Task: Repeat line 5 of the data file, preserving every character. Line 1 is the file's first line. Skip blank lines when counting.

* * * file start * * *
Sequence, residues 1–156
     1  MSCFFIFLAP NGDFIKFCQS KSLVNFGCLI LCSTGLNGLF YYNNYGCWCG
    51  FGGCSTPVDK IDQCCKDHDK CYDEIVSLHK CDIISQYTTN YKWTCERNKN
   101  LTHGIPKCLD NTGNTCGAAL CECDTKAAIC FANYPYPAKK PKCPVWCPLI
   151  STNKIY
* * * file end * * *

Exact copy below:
   151  STNKIY